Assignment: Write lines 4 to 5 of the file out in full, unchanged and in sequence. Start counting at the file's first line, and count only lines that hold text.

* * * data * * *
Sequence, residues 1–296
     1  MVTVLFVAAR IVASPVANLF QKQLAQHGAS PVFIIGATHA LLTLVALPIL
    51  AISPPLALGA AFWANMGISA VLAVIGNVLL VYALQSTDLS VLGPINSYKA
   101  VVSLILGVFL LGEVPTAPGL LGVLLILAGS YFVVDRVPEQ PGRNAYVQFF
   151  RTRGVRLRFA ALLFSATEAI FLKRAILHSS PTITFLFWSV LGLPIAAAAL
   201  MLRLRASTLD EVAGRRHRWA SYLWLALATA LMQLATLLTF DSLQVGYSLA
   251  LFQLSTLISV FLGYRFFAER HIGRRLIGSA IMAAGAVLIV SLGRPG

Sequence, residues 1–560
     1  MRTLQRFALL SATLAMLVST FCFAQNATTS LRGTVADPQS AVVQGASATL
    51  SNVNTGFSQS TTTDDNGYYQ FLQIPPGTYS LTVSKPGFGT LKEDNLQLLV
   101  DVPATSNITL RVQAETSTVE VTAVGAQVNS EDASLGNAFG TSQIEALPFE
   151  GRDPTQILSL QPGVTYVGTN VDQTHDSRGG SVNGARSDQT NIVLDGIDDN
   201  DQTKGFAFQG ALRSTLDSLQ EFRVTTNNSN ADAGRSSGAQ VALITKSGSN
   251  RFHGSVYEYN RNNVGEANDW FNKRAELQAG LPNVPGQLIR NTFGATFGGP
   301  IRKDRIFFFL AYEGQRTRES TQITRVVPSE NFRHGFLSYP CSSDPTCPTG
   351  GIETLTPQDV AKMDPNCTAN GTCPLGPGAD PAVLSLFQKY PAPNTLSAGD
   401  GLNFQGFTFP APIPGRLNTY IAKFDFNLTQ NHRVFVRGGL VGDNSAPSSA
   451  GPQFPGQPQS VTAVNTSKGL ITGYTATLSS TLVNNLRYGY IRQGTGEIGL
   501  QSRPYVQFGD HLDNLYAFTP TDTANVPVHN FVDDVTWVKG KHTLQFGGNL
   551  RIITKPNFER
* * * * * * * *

   101  VVSLILGVFL LGEVPTAPGL LGVLLILAGS YFVVDRVPEQ PGRNAYVQFF
   151  RTRGVRLRFA ALLFSATEAI FLKRAILHSS PTITFLFWSV LGLPIAAAAL